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First gay couples marry in Washington

Darlene Garner (L) and Candy Holmes embrace after they exchanged marriage vows during their wedding ceremony at the Human Rights Campaign building in Washington on March 9, 2010. In December 2009, the DC Council approved a bill that would allow for same-sex marriages to be performed in the District. Today, same-sex couples were able to obtain marriage licenses they applied for last week. UPI/Alexis C. Glenn
Darlene Garner (L) and Candy Holmes embrace after they exchanged marriage vows during their wedding ceremony at the Human Rights Campaign building in Washington on March 9, 2010. In December 2009, the DC Council approved a bill that would allow for same-sex marriages to be performed in the District. Today, same-sex couples were able to obtain marriage licenses they applied for last week. UPI/Alexis C. Glenn | License Photo

WASHINGTON, March 9 (UPI) -- At least 15 same-sex couples were waiting Tuesday morning to pick up their marriage licenses in Washington and then hold their weddings.

While the final process was quick, many had been waiting for years for official recognition of their relationships. Angelisa Young and Sinjoyla Townsend, the first couple to apply for a license last Wednesday, told The Washington Post they met when they were on opposite sides in a debate in a constitutional law class at the District of Columbia University 12 years ago.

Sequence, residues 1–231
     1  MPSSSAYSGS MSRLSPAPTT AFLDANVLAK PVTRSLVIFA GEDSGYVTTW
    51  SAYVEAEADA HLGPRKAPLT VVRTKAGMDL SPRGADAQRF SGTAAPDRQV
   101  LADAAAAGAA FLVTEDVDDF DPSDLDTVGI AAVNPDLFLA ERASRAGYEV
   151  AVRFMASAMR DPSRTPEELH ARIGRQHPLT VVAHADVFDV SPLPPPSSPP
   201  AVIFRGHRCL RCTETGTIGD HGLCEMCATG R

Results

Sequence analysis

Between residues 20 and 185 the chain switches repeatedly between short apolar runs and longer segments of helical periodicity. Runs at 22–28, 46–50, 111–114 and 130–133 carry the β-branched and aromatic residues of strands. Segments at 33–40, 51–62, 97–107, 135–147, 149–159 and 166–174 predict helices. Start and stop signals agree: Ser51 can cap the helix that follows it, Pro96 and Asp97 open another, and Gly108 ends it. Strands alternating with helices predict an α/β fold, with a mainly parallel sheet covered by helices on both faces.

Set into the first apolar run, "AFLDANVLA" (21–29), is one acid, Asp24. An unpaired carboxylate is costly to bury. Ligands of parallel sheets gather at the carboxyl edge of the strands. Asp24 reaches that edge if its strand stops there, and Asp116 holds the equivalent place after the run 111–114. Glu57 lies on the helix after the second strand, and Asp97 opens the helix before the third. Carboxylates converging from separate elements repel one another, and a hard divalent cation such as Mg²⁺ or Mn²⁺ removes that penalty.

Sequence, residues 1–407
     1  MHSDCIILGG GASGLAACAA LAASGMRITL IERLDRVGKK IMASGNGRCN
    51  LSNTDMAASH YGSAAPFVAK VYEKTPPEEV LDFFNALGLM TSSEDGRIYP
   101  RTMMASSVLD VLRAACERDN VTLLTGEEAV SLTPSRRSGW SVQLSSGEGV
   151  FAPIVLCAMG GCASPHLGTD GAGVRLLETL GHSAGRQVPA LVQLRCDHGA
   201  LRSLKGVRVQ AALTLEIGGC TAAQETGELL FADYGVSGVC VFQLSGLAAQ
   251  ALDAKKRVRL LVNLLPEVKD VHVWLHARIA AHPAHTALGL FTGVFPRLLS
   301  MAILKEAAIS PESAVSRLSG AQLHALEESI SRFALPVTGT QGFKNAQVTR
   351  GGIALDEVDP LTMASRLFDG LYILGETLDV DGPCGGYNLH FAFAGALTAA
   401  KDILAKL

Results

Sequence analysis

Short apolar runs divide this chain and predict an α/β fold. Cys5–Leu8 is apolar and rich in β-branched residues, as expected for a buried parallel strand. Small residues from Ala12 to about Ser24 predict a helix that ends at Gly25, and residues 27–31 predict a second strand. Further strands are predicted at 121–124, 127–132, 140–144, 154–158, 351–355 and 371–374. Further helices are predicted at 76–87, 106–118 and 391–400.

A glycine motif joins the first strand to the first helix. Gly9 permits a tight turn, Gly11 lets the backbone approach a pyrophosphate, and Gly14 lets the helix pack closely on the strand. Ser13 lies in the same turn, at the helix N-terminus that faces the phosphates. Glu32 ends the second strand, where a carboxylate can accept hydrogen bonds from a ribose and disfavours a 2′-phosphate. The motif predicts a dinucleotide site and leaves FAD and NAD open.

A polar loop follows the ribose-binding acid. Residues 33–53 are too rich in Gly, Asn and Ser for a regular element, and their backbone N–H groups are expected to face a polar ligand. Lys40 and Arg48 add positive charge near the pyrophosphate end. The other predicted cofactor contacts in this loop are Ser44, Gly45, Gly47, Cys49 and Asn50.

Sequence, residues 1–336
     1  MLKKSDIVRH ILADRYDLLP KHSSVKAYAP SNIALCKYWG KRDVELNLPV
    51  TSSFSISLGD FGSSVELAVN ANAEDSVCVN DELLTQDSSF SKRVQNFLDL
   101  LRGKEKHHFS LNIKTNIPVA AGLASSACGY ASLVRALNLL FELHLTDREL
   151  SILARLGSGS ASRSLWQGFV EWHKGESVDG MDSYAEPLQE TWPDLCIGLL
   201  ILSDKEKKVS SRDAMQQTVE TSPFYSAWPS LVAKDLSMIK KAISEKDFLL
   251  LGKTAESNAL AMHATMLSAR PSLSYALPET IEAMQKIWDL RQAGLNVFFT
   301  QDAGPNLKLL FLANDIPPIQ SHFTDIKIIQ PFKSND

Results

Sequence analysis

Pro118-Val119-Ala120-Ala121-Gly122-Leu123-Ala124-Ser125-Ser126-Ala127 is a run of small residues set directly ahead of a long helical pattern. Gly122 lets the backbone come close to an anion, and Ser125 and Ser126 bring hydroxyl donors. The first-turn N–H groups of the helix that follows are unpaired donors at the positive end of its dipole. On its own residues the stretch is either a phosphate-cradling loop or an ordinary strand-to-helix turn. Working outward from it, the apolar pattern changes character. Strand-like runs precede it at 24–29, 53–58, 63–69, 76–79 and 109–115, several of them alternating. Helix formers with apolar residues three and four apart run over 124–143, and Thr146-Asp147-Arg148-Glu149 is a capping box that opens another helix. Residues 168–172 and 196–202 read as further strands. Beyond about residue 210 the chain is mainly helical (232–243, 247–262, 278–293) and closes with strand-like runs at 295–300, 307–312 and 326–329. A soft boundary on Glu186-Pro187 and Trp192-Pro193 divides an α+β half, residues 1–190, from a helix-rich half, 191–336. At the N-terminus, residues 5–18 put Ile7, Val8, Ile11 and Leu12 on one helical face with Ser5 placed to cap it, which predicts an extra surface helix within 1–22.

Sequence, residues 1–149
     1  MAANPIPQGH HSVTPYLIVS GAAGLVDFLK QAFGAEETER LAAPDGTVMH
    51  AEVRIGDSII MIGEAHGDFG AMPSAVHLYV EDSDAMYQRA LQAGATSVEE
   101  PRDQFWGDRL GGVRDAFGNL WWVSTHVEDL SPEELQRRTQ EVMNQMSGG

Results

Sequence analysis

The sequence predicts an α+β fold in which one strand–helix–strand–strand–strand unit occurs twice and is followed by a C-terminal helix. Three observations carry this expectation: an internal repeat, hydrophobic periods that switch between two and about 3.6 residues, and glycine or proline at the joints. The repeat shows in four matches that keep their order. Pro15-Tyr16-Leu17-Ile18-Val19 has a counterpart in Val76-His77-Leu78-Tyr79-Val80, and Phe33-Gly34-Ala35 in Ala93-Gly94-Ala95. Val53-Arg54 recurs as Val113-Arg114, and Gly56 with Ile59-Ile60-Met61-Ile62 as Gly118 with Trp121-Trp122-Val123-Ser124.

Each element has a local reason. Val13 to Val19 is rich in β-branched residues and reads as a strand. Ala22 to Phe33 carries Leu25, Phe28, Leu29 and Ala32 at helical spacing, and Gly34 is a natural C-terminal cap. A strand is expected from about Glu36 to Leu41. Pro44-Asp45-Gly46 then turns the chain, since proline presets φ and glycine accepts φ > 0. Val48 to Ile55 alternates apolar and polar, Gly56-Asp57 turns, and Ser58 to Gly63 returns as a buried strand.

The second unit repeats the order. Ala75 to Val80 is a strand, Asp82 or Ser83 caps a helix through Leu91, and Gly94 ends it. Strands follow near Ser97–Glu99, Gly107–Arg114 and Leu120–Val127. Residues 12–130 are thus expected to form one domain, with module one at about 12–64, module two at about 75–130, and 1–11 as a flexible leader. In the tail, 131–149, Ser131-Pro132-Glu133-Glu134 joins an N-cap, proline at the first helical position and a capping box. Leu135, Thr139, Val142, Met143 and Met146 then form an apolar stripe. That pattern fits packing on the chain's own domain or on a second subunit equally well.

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Mayor Adrian Fenty, who signed the same-sex marriage ordinance, toasted the married couples with champagne.

James Betz and Robert Hawthorne, who met almost four years ago, arrived at the Superior Court building at 3:30 a.m. They were married outside the courthouse by the Rev. Bonnie Berger, a chaplain at George Washington Hospital.

Hawthorne's father, also named Robert, took the train from New York to witness the ceremony.

"This is one of the happiest days of my life," the father said.

For the most part, the morning was calm. U.S. marshals escorted a woman from the building when she began warning the couples waiting in line that God would not recognize their marriages.

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